Photo by Nick Delaney.

Growing up, we were taught to save the ‘special things’ for worthy occasions: our grandmothers would bring out their bejewelled Christian Dior only for the most memorable moments; our fathers saved their bespoke leather shoes for weddings only; our mothers would keep their few ‘designer’ handbags wrapped in dust bags only to resurface – very briefly – on their birthdays (and then to be stowed away again for years to come). The art of preservation has been ingrained in us from such a young age that we’ve long had a propensity for neglecting those so-called ‘special things’ in our wardrobes that actually bring us joy. During the numerous lockdowns, nostalgia really set in especially as we binged shows and movies – for time with friends; for creating memories; for getting dressed up. No matter how hard we’ve tried, no amount of matching loungewear sets or beautiful satin slippers could come close to recreating the sheer joy of donning our swankiest commodities. Such was my nostalgia that I even felt an itch of sorrow for the now distant feeling of wearing a heel so beautiful that the balls of my feet almost cease to exist. I longed for the day that I could wear them again – appropriate occasion or otherwise. For too long, I’ve taken each opportunity for granted, grabbing for the ‘less dressy’ option at every turn, despite being blessed with a wardrobe 10-year-old me could only dream of. No more. And so it is that I’ve come to two wardrobe-altering conclusions. One: cherishing ‘things’ is as much about getting joy out of them as it is about preserving them. After all, how can they be cherished when they’re sitting in the dark, hidden in a dusty box in the back of your wardrobe somewhere? And two: there is no time like the present to wear the things you love. In 2021 and 2022, there is no such thing as occasionwear – we make the occasions; we make the rules. As for me, consider this my sartorial awakening. What was once tucked safely in the back of my wardrobe has made a triumphant return to the front and what should have always been in the back has been unceremoniously chucked, donated or sold. But save I will no longer, because my greatest lesson of all is this: there are no right occasions, and waiting for one is about as fruitful as vacuum packing your wedding dress. And, anyway, if the greatest risk is choosing the wrong moment to wear something, I’m more than willing to take it.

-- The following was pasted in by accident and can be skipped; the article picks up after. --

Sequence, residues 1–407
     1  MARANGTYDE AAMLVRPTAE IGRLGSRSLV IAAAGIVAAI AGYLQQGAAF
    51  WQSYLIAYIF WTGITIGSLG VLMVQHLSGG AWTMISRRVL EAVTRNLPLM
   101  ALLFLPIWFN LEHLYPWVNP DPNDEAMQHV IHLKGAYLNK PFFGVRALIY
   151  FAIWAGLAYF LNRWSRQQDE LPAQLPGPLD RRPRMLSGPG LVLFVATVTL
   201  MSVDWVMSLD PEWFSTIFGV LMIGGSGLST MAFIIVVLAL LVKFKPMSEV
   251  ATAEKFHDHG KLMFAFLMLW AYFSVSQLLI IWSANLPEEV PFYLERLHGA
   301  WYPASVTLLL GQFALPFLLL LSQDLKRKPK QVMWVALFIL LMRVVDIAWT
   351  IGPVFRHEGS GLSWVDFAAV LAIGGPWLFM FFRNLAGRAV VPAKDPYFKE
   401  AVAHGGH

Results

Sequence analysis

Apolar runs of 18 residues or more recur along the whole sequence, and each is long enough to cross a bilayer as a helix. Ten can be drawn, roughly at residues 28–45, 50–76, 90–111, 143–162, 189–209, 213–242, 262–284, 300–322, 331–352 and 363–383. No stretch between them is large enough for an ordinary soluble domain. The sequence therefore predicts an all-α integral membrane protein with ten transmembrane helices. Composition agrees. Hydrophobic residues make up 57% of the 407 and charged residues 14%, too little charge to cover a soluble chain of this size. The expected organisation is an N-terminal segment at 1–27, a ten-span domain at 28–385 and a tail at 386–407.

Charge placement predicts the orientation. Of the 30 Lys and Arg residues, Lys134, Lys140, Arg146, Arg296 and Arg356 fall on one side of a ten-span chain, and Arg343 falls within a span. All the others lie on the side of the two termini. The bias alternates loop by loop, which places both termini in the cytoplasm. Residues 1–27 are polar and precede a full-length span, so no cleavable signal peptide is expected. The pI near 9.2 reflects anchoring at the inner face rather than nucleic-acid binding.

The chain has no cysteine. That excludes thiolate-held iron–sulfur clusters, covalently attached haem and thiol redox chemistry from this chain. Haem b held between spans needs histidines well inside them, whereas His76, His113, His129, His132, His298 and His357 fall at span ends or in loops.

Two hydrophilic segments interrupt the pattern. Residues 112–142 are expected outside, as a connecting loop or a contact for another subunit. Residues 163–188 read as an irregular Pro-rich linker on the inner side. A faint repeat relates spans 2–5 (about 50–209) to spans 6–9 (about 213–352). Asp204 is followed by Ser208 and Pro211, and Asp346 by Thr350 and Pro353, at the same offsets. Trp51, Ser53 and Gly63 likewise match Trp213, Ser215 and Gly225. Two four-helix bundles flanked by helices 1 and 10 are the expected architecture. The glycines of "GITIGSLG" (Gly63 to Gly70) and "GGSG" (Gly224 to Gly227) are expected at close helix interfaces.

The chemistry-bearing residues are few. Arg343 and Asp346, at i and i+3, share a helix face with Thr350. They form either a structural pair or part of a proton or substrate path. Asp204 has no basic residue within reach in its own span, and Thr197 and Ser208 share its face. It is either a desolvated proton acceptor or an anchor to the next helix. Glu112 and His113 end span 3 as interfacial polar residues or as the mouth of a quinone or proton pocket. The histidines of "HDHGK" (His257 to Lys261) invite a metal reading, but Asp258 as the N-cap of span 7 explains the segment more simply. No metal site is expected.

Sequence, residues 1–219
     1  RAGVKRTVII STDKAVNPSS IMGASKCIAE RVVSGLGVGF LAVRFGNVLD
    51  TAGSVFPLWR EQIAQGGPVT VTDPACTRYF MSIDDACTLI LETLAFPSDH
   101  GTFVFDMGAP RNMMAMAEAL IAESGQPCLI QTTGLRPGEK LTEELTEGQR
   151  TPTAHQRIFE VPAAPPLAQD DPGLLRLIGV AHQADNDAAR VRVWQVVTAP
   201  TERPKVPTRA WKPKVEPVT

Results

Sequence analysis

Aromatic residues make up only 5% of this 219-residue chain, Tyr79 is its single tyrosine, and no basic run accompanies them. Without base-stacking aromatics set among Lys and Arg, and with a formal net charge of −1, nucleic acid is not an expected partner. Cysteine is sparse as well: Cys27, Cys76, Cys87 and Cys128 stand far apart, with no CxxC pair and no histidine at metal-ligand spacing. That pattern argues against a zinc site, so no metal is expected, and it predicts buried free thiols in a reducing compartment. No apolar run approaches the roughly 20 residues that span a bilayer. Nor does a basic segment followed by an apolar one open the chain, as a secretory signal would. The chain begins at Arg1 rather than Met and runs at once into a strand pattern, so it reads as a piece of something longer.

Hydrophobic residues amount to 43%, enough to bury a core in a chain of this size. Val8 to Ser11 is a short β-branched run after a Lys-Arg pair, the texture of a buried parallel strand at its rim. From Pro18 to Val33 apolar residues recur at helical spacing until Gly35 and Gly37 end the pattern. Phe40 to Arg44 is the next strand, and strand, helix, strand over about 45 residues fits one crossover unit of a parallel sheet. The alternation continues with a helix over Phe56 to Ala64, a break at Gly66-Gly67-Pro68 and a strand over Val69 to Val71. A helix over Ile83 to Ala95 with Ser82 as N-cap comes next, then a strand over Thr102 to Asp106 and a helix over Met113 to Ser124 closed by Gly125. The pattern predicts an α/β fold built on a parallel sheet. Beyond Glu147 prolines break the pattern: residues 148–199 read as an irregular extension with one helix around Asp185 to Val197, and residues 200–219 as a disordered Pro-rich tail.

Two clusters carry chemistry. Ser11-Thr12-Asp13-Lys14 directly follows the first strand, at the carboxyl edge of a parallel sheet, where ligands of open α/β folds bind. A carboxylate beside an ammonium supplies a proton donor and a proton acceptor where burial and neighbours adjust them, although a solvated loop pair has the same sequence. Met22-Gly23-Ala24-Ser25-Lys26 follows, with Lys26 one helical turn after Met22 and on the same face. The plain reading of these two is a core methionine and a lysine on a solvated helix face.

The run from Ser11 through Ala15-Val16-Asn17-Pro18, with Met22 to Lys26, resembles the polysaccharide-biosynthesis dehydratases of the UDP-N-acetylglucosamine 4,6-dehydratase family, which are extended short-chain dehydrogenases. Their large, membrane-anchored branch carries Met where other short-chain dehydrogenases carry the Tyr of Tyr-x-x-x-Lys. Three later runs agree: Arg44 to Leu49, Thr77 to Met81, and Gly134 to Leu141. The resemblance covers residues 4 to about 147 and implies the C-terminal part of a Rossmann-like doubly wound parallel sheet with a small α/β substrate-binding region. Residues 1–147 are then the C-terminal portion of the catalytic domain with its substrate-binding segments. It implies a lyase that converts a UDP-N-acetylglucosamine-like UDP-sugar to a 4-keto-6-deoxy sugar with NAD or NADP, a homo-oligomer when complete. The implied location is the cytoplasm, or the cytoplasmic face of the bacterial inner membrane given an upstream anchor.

Story by Gabriella Foreman.